Stocks historically do much better during the November-April period than in May through October. (AP Photo/Richard Drew)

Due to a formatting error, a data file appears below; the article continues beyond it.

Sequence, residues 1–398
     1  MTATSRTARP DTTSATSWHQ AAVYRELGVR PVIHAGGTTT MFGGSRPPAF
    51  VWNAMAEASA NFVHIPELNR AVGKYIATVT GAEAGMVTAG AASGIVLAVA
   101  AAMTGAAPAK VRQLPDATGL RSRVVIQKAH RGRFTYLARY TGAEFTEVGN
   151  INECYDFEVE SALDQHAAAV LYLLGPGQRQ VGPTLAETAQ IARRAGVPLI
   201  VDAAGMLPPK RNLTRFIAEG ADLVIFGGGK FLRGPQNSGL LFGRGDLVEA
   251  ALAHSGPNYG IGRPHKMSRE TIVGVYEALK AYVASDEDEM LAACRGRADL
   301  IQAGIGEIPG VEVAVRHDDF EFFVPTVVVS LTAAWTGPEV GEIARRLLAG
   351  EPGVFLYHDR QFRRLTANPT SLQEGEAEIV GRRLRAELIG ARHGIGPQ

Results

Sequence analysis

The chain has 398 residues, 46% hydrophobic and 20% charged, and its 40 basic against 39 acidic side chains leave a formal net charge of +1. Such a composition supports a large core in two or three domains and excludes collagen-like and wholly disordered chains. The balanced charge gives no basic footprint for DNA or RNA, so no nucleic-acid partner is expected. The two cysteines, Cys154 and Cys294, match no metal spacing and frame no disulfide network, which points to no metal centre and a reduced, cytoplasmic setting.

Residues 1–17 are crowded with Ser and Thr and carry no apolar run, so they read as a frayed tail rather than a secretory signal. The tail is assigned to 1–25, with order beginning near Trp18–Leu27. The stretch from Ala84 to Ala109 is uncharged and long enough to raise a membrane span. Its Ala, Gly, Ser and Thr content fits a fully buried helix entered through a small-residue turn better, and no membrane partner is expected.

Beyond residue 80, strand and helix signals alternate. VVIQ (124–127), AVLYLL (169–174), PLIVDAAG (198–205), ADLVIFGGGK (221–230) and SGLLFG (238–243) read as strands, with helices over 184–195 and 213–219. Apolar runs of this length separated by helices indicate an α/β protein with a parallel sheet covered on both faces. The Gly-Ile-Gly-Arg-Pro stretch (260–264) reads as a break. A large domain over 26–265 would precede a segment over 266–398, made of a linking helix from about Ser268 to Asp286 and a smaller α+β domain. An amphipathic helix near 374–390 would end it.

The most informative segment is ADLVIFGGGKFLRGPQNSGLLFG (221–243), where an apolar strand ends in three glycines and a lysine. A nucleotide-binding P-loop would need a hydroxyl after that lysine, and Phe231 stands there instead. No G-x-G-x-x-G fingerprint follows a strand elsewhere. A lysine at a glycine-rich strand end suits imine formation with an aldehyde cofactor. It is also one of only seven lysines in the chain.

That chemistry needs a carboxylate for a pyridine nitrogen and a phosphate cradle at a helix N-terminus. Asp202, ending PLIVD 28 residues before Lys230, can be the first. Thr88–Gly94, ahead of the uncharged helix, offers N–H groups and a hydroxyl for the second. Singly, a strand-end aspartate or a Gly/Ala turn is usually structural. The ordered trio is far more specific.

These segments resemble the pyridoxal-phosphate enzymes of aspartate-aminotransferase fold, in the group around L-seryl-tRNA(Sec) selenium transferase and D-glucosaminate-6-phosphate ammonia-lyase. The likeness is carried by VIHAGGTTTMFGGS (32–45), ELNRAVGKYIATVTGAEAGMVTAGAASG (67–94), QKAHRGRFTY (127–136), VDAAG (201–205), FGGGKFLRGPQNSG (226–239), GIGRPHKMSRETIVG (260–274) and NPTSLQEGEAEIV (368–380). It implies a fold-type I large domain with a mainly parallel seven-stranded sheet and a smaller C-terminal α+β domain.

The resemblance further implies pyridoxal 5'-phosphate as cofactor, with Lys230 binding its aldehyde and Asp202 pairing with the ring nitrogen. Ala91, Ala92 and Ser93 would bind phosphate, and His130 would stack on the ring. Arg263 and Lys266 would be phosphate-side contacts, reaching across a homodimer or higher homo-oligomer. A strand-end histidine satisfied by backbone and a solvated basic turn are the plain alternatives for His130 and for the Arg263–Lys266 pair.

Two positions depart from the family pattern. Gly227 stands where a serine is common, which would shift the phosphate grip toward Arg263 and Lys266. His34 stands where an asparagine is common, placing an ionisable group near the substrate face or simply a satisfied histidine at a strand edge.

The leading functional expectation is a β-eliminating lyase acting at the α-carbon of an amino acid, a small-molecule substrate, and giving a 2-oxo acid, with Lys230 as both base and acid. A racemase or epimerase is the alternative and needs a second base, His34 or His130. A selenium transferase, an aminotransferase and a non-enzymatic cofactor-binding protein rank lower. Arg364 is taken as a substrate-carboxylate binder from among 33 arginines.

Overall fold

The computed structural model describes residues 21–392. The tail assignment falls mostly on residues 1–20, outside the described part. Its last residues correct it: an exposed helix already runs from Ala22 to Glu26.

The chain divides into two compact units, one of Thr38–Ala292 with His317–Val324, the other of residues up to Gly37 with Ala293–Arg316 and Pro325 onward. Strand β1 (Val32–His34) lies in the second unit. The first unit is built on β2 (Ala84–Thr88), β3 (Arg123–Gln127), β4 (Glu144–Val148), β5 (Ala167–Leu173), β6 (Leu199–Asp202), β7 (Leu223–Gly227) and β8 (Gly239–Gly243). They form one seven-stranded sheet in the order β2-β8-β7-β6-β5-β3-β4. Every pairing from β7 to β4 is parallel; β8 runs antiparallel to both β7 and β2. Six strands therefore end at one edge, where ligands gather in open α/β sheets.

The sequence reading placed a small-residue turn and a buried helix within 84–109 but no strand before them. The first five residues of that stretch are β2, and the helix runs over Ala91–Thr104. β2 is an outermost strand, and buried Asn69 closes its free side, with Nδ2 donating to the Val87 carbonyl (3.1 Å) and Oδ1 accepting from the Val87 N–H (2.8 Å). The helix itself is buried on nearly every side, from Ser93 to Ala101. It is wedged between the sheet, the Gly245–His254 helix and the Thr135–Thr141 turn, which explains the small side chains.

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"Sell in May and go away" is perhaps the oldest saw on Wall Street, but it appears there's no shortage of U.S. mutual funds doing exactly that this year. After all, the S&P 500 has delivered a total return, including reinvested dividends, of 10.8 percent over the last six months, essentially capturing all of the average rolling 12-month total return on the index since 1990, so why not cash in?Some hearty investors, however, stand ready to bet against that flow – and history – and are advocating a buy-in-May approach this year.In the last 20 years, a $100 investment in the S&P from November through April would have become $343 while a $100 investment in May through October in the same years would have slipped to $98.5, according to Bespoke Investment Group, in Harrison, New York.
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